Developing wisdom

Paññā pāramī : transcendental wisdom, insight

This will necessarily be an incomplete discussion of panna or wisdom. The subject is too vast and varied for the blog format. Within the context of the perfections, which we hope to develop in our daily living, here are some ways of looking at wisdom that might be helpful.

Three types of discernment
understanding that comes from listening (sutamaya-pañña)
understanding that comes from thinking (cintamaya-pañña)
understanding that comes from developing/meditation (bhavanamaya-pañña)

— from DN 33, translated by Thanissaro Bhikkhu

According to canonical Theravada Buddhism, these are the three main ways in which wisdom can be developed. The first is hearing wise teachings (referring here to the Buddha’s words). Since there were virtually no books at the time of the Buddha, this would have been the only way to come into contact with what he taught. Today, we are more likely to read the Buddha’s teachings and their many (and variously reliable) interpretations in our own language, at our leisure. In any case, to have the opportunity to hear/read these teachings is a great blessing and should not be taken for granted. For those who are ready to hear, the teachings are powerful.

The second method of developing wisdom is by reflecting on the teachings we’ve heard or read. We think about how we might implement them in our own lives, or how we might adjust our attitude to take into account the things that the Buddha recommends considering. Breaking mental habits is hard, but we can change the lens through which we view our experience by thinking deeply about what the Buddha advises.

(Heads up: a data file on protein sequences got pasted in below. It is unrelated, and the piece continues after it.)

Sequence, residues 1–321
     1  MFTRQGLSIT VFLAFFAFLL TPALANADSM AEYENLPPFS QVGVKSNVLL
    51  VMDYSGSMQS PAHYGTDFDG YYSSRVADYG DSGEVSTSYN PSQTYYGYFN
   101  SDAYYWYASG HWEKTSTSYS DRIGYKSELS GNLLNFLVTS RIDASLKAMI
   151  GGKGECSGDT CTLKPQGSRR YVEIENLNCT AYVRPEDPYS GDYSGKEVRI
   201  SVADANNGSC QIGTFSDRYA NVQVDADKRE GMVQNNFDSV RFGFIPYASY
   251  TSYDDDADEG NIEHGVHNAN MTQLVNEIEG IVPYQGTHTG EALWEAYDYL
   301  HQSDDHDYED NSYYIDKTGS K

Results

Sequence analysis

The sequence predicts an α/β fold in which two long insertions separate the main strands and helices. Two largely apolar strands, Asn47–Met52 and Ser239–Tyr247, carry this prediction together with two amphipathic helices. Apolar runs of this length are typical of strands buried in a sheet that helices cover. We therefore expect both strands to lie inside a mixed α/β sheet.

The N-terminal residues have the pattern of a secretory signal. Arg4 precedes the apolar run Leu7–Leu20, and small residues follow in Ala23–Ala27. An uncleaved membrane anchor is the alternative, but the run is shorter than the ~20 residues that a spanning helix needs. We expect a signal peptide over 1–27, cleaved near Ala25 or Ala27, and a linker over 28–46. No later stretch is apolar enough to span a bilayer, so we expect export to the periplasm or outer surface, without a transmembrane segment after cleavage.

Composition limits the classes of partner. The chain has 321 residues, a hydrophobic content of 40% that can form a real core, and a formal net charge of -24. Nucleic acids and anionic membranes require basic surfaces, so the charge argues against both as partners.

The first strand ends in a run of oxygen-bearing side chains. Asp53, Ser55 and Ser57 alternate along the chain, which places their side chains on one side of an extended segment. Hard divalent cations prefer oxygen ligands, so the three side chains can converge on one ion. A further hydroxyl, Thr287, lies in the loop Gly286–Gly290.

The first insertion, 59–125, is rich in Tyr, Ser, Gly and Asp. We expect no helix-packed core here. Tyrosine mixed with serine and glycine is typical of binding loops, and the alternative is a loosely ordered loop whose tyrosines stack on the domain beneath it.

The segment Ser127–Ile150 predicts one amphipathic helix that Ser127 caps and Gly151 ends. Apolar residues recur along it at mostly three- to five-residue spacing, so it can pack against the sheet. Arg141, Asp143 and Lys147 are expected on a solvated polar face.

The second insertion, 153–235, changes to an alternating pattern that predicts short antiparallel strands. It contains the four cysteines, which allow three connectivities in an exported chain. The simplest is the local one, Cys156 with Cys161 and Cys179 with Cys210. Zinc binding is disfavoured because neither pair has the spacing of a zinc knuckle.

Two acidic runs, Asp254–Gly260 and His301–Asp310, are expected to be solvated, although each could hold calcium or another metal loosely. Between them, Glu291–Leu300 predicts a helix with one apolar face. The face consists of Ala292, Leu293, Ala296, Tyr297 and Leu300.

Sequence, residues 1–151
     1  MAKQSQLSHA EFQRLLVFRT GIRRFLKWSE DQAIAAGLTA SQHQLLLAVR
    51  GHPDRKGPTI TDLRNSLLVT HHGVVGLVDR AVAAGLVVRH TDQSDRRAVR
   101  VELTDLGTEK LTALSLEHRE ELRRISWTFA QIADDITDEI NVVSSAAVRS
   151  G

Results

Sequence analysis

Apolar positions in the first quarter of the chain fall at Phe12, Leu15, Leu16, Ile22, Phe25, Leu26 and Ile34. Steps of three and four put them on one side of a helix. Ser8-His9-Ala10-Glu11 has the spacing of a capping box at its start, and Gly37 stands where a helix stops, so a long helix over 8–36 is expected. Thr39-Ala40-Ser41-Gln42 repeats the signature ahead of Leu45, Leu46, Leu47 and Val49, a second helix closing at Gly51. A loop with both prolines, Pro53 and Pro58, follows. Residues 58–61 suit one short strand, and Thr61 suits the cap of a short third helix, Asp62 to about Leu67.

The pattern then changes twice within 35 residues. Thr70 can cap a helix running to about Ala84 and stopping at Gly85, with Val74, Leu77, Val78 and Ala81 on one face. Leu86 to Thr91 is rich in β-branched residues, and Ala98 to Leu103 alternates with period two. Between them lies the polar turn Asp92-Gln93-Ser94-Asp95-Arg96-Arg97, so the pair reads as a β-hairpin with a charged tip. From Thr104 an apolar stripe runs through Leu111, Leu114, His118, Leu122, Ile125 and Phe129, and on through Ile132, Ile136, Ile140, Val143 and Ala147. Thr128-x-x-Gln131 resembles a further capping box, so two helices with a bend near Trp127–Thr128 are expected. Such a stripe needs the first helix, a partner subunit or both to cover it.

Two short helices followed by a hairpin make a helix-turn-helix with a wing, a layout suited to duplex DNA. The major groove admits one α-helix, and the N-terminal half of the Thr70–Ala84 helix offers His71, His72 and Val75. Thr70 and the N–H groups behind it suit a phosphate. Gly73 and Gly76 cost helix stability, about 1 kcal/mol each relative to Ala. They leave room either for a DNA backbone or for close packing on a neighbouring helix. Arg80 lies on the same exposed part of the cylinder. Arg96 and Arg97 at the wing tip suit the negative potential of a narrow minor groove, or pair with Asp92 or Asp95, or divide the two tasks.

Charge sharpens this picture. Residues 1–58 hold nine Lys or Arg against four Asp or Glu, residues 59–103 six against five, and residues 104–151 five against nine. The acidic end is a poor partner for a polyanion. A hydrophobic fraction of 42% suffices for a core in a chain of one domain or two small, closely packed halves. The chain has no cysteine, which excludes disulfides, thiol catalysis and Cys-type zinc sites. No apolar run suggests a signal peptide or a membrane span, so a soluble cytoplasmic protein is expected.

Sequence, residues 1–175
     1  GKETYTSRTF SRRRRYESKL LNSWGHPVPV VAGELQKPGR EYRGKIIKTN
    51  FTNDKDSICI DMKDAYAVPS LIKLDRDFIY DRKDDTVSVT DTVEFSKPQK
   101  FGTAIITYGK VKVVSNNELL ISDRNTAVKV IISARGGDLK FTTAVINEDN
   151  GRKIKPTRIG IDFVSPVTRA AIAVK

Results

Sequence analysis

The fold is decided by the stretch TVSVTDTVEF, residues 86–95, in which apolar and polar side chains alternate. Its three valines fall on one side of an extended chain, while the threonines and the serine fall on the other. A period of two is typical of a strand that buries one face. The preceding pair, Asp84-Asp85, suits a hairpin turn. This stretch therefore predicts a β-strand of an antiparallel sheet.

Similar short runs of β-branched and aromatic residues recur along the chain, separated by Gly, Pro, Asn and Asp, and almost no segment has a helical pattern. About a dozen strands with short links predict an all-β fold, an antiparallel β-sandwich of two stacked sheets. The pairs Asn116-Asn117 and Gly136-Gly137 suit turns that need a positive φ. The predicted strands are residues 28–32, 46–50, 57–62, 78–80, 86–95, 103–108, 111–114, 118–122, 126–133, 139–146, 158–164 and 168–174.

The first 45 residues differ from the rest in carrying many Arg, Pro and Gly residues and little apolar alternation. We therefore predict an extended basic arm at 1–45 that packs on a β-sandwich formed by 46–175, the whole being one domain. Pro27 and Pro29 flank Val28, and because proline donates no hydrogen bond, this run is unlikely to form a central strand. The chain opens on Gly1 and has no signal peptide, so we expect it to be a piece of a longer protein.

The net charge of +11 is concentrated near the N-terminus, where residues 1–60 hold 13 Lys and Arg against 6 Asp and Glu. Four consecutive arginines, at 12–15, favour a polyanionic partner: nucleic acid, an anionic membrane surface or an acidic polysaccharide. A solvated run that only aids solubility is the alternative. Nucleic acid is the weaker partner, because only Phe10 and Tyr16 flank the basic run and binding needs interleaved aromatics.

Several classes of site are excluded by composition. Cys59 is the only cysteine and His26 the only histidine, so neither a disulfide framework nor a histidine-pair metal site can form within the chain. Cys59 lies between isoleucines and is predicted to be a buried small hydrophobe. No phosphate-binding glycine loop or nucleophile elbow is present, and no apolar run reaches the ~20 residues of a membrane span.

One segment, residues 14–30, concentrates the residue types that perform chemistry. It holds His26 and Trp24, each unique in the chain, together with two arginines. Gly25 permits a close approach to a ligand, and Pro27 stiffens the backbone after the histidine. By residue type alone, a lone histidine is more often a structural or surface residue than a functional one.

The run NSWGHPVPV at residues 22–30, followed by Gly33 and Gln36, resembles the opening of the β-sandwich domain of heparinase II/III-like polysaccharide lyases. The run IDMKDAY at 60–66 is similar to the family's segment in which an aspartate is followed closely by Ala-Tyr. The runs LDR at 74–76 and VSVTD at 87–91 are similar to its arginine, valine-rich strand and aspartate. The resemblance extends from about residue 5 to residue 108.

The third method is development or cultivation. This refers to actually putting the Buddha’s advice into practice in our own lives and seeing how things change as a result. It also refers to meditation as a training to make the mind more sensitive to our direct experience, setting aside (temporarily) the stories we tell ourselves. There are many meditation methods, and different ones will work best for different people at different times in their development. A foundational practice, though, is mindfulness of the body:
“…Mindfulness directed to the body. This is the one thing that, when developed and cultivated, leads to penetrativeness of wisdom.”
– from AN 1.615, translated by Bhikkhu Bodhi

Mindfulness of the body can be cultivated both in sitting meditation and throughout our waking experience. It comes highly recommended as a way to bring our experience into focus and develop wisdom.

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